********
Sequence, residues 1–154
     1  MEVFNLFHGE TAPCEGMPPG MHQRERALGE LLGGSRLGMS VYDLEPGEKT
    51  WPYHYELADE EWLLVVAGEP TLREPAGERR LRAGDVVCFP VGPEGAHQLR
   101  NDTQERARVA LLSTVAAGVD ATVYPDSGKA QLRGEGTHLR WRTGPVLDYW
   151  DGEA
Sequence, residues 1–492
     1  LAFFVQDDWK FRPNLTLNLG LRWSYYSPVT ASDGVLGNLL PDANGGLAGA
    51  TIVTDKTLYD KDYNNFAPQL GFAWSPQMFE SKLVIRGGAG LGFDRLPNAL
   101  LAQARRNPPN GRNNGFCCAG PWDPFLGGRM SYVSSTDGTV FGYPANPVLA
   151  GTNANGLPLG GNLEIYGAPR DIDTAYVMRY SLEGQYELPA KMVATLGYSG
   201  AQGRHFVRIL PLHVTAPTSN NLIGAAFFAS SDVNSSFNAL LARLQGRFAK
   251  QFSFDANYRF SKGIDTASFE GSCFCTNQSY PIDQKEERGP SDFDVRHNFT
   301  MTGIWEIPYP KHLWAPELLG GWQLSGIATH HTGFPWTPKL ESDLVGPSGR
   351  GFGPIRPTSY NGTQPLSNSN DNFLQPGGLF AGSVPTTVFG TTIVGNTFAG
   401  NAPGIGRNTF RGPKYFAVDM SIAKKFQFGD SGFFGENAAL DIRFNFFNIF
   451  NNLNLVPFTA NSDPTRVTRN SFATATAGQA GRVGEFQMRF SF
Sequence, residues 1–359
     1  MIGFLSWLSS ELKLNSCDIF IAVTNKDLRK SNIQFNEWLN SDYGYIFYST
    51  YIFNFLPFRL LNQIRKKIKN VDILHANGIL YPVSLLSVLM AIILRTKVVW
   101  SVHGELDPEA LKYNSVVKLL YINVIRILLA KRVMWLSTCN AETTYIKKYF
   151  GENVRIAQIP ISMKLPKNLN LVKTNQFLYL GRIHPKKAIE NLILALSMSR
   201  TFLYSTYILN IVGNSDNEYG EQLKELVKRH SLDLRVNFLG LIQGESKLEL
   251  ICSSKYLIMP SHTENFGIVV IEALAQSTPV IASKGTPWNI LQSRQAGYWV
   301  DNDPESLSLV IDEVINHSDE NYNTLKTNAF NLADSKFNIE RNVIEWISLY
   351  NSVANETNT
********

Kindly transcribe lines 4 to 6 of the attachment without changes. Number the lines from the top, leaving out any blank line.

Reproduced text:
   101  NDTQERARVA LLSTVAAGVD ATVYPDSGKA QLRGEGTHLR WRTGPVLDYW
   151  DGEA
Sequence, residues 1–492